Sometimes, the best part about trading season is less about the additions some clubs make than it is about the new roles of those left behind. In fantasy baseball, that’s rarely more relevant than it is in the bullpen, where the “save” can suddenly make barely-notable middle relievers valuable properties, simply because they’ll be pitching now in the ninth rather than the seventh or eighth.
While we could see closers move in a few places, the most likely spot to see this happen this year is going to be in Chicago, where Kevin Gregg is 35, a free-agent-to-be, having a surprisingly good season, and absolutely not going to be with the Cubs the next time they’re any good. Dale Sveum‘s club has already gone through three closers this year — first Carlos Marmol before he was demoted and traded, then Kyuji Fujikawa before he got hurt, now Gregg — and it seems more likely than not that they’ll end up with at least one more before the season is out.
So… who’s it going to be?
As you’d expect from a club that’s in such a transitional period as the Cubs are, the bullpen is made up of an ever-revolving cast. For example, if you look at the Cubs page on Baseball-Reference right now, you’ll see that only two of the top five listed relievers are still with the club, and that will soon be just one once Gregg is moved. James Russell remains, but Carlos Villanueva was moved back into the rotation after Scott Feldman was traded to Baltimore, and Marmol & Shawn Camp were each designated for assignment.
It’s not likely to be veteran Matt Guerrier, who was designated by the Dodgers before being swapped for Marmol, or rookie Hector Rondon, who has struggled and is with the club only because he is a Rule 5 pick, or Michael Bowden, who has been constantly up-and-down from Triple-A.
If and when Gregg moves, we’re probably looking at saves from one of these three contenders:
Russell. The biggest knock against the 27-year-old lefty is that he’s having a solid enough season that he’s coming up in trade rumors nearly as regularly as Gregg is, and it’s going to be hard for him to collect saves in Chicago if he’s setting up for Craig Kimbrel in Atlanta, to name just one example. Russell’s not exactly strictly a LOOGY, but he’s trending in that direction whether you look at his career splits (.357 vs .289 wOBA) and especially in 2013 (.393 vs .218 wOBA). The Cubs have had only 10.2 relief innings from lefties other than Russell this year — bonus points if you really knew that they all came from Brooks Raley, Chris Rusin, & Hisanori Takahashi — and so one might expect Sveum to hesitate before putting his only lefty reliever into the ninth.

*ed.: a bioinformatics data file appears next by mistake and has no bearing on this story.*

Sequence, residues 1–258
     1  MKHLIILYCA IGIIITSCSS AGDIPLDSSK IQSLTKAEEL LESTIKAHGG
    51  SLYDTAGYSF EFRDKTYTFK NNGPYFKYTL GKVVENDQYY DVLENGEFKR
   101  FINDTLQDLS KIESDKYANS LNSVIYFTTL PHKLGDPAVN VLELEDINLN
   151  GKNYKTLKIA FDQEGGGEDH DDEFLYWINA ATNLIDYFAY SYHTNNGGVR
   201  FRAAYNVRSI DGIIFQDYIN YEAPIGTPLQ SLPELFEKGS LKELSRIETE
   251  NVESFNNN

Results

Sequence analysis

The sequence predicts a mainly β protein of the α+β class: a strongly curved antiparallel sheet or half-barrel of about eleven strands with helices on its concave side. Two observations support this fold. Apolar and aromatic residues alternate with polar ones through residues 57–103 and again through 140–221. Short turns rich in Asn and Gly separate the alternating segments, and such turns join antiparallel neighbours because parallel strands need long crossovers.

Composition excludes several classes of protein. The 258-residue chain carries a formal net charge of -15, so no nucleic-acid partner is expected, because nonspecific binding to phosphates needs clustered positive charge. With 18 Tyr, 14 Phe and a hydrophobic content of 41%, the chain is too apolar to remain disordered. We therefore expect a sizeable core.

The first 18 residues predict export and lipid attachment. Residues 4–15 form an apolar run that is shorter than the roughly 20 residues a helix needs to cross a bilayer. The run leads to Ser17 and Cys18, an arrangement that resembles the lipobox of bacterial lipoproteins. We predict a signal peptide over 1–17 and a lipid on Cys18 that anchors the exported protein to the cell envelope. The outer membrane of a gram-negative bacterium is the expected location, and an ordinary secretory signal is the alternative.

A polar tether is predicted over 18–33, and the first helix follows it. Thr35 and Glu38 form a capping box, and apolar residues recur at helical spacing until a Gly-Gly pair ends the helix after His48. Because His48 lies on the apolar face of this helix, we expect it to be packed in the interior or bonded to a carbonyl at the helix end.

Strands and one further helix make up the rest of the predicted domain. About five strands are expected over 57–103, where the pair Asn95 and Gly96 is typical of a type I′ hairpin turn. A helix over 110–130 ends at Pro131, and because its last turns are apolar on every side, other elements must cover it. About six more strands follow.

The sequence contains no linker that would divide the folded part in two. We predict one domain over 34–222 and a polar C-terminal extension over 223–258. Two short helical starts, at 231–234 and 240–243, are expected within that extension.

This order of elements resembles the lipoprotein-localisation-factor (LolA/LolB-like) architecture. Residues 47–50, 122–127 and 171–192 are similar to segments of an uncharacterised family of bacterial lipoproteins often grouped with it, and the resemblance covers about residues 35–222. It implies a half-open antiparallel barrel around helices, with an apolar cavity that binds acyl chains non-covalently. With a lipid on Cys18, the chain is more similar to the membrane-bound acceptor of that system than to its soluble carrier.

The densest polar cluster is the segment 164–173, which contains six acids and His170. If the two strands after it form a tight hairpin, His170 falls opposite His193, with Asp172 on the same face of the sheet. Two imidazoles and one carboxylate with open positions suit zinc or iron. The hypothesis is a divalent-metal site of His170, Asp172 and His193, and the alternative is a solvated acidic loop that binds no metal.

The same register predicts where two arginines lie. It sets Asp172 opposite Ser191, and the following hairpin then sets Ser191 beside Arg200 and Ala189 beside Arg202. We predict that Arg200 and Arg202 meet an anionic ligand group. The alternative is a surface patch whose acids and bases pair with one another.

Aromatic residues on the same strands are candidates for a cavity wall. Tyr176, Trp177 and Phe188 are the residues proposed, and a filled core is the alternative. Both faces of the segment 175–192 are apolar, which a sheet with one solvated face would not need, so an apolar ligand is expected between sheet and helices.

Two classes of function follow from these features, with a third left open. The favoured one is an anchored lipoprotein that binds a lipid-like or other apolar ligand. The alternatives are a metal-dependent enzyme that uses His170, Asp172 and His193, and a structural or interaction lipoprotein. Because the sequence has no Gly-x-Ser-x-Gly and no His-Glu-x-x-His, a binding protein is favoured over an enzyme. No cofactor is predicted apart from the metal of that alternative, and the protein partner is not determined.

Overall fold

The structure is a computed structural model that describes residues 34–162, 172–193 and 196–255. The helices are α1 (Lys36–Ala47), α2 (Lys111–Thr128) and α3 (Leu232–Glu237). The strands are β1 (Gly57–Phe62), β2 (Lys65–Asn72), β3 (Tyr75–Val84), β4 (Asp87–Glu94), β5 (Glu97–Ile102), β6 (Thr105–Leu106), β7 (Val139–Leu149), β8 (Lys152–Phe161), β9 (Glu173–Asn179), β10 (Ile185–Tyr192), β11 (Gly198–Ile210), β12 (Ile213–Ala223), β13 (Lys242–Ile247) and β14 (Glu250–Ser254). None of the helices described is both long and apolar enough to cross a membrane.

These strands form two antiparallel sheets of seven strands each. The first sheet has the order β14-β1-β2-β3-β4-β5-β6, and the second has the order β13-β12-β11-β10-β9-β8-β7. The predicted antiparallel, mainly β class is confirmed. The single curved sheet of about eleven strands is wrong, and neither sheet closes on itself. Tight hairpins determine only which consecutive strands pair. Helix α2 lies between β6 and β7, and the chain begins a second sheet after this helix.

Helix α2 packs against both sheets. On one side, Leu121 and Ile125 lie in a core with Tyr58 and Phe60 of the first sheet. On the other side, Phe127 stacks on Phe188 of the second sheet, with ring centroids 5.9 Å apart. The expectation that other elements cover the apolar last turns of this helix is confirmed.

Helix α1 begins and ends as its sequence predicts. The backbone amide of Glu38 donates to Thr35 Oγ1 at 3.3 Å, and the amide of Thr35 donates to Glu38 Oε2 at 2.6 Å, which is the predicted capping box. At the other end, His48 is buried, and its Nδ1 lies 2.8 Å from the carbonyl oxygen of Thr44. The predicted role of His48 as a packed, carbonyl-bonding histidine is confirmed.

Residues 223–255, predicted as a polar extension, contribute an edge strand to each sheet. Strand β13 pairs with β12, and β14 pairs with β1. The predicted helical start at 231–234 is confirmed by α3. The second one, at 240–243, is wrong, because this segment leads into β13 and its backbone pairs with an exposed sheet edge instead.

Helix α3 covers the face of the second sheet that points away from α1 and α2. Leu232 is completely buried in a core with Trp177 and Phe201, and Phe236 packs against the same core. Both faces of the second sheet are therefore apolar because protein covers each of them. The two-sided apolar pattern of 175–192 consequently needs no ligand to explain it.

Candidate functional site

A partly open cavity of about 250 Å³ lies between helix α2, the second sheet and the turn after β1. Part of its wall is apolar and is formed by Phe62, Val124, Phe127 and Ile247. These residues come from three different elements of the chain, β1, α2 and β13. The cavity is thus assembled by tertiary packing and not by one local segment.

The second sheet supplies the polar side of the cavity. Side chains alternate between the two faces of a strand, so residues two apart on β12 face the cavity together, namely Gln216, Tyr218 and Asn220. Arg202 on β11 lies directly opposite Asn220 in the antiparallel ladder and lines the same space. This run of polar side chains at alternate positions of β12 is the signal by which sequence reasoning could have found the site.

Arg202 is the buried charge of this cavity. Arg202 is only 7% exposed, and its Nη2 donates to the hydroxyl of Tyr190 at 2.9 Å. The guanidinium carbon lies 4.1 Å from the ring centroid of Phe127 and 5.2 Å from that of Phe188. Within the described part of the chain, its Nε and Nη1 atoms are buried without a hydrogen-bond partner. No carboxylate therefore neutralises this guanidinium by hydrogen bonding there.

Blake Parker. Parker brings some ninth inning experience with him, collecting 66 saves in parts of seven minor league seasons in the Chicago organization. Sveum briefly alluded to that history in late June, but stayed far away from naming Parker the next in line, and the makeup of the bullpen has changed in the weeks since then anyway. But for all his minor league experience, the converted catcher only has 24.1 big league innings under his belt, and missed nearly all of 2012 with elbow problems.
He’s settled nicely into a setup role over the last month, though his strikeout rate of 8.84 per nine seems a little misleading because after a nice first few weeks, he’s failed to strike out more than one batter in an outing in 10 of his last 11 appearances.
Pedro Strop. Both the newest — acquired in the Feldman deal from Baltimore — and potentially the most intriguing name in the mix, the 28-year-old Strop has been absolutely dominant since arriving in Chicago. That dominance comes over just six innings, of course, but he’s allowed a mere two hits and two walks, striking out seven. Strop has struck out nearly a man per inning across his career, though he’s also had more than a little bit of trouble with control… and yes, that sounds a bit too much like the man who had been the closer in Chicago for the last several years.
If and when Gregg goes, I would imagine that both Parker & Strop will get their chances in the ninth. Parker’s experience in the role in the minors is probably too much for Sveum to ignore, but if Strop has made such a good impression since joining the Cubs that he may force his way into the role. His arm and talent have never been questioned, just his ability to get the ball over the plate. That’s not going to suddenly change in Chicago, but he could be the best of a few unpalatable options.